The United States Supreme Court issued a ruling on Monday invalidating a Louisiana law that sought to put tough restrictions on abortion clinics, threatening access to the procedure for thousands of individuals in the state.
The 5-4 decision from the Court fell along mostly partisan lines, with a single conservative member of the bench, Chief Justice John Roberts, joining the four liberal justices in overturning the measure that was passed in the state in 2014.
The law would have required doctors performing abortions to have admitting privileges at a hospital within 30 miles of their clinics. It mirrored a similar measure that was passed in Texas years prior, which was itself invalidated by the Supreme Court in 2016.
Louisiana currently only has four abortion clinics in the state. Had the law remained in place, doctors arguing against it said, it would have allowed just one abortion clinic to remain, to serve the more than 10,000 patients in the state who seek an abortion annually.
The ruling from the majority largely focused on the fact that the Supreme Court had already ruled on the issue four years ago.
“This case is similar to, nearly identical with, Whole Woman’s Health,” the Court’s decision surrounding the Texas law, Justice Stephen Breyer wrote in the liberal bloc’s opinion of the case. “And the law must consequently reach a similar conclusion.”
Similarly, Roberts, who penned his own opinion, relied on precedent in his decision to join with the liberals, though he recognized in the 2016 case he had been on the other side of the issue.
“I joined the dissent in Whole Woman’s Health and continue to believe that the case was wrongly decided. The question today, however, is not whether Whole Woman’s Health was right or wrong, but whether to adhere to it in deciding the present case,” Roberts wrote.
“The legal doctrine of stare decisis requires us, absent special circumstances, to treat like cases alike,” Roberts went on to say. “The Louisiana law imposes a burden on access to abortion just as severe as that imposed by the Texas law, for the same reasons. Therefore, Louisiana’s law cannot stand under our precedents.”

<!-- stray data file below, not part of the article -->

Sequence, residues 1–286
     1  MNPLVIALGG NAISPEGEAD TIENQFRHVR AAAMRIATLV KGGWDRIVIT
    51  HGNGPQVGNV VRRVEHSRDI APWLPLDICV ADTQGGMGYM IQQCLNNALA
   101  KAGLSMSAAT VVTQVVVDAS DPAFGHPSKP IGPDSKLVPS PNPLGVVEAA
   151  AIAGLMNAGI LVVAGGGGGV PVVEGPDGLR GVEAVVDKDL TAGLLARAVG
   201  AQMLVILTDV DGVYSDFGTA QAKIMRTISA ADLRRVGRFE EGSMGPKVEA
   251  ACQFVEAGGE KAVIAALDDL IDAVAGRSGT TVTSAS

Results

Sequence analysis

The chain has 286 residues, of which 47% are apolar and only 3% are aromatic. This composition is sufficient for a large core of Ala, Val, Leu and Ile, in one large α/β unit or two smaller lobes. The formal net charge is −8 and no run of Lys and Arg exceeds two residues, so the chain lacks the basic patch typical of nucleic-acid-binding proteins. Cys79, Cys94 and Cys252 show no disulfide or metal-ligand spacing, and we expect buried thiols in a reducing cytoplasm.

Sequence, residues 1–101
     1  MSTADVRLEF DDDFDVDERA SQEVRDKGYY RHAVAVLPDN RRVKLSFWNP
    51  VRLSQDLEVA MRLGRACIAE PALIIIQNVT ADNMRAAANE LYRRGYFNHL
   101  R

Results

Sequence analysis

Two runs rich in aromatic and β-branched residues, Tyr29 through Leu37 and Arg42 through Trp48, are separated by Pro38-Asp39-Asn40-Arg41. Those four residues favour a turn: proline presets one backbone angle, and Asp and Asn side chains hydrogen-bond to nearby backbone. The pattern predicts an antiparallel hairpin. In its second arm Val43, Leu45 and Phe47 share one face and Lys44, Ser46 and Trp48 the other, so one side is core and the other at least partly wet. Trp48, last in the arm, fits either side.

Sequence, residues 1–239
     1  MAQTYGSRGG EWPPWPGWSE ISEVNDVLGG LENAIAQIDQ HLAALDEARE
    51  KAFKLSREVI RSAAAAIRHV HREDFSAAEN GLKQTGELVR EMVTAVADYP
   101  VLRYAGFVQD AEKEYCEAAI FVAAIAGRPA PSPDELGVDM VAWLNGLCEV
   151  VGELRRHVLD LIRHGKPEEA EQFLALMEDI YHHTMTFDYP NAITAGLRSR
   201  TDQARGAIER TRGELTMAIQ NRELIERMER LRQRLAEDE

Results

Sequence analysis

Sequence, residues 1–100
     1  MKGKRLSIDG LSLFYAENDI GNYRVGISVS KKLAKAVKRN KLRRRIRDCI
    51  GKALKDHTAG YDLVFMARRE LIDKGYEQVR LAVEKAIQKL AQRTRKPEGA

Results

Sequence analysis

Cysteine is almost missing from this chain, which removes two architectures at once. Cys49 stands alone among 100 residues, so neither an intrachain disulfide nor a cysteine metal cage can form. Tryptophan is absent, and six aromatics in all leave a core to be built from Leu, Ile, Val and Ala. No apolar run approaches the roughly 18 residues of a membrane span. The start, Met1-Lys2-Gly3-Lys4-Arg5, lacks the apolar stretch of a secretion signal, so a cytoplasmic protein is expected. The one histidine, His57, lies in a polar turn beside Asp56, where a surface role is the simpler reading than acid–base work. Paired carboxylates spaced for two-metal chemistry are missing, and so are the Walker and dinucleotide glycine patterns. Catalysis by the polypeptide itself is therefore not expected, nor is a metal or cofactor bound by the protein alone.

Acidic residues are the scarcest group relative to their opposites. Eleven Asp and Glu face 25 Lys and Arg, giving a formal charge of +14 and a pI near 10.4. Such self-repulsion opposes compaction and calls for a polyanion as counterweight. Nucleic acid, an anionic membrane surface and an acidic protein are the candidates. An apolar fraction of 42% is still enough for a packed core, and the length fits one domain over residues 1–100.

The ruling is the first abortion rights decision to be made that includes Justices Brett Kavanaugh and Neil Gorsuch, two members of the Supreme Court appointed by President Donald Trump. Both sided with the conservative bloc of dissenting justices.
Perhaps recognizing the slim margin by which this law was ruled unconstitutional, several abortion rights’ groups voiced concern about what future Supreme Court rulings might entail on the issue. Nancy Northup, president and CEO of The Center for Reproductive Rights, the law firm that challenged the law, told CBS News that there was more work to be done.
“We’re relieved that the Louisiana law has been blocked today but we’re concerned about tomorrow,” Northup said. “[T]he Court’s decision could embolden states to pass even more restrictive laws when clarity is needed if abortion rights are to be protected.”
Planned Parenthood President and CEO Alexis McGill Johnson voiced similar concerns on social media.
“While today was a win, reproductive freedom for too many is *still* on the line, and some politicians will continue to do everything they can to take control of our bodies, lives, and futures. Enough is enough,” McGill Johnson tweeted.
Indeed, freelance writer Katie Klabusich, writing for Truthout in January, expounded on how a “win” for the pro-choice movement on this case could ultimately be a shortlived one.
“Whatever happens in the month of June when the decision on the June Medical case is announced, experts are planning tempered reactions — not just because of the ideological shift on the court since Whole Woman’s Health, but also because the opportunity to hear the next abortion case is never far off,” Klabusich said of the case. “And the Trump-era appointments have provided all the ingredients that … would be needed to nullify Roe.”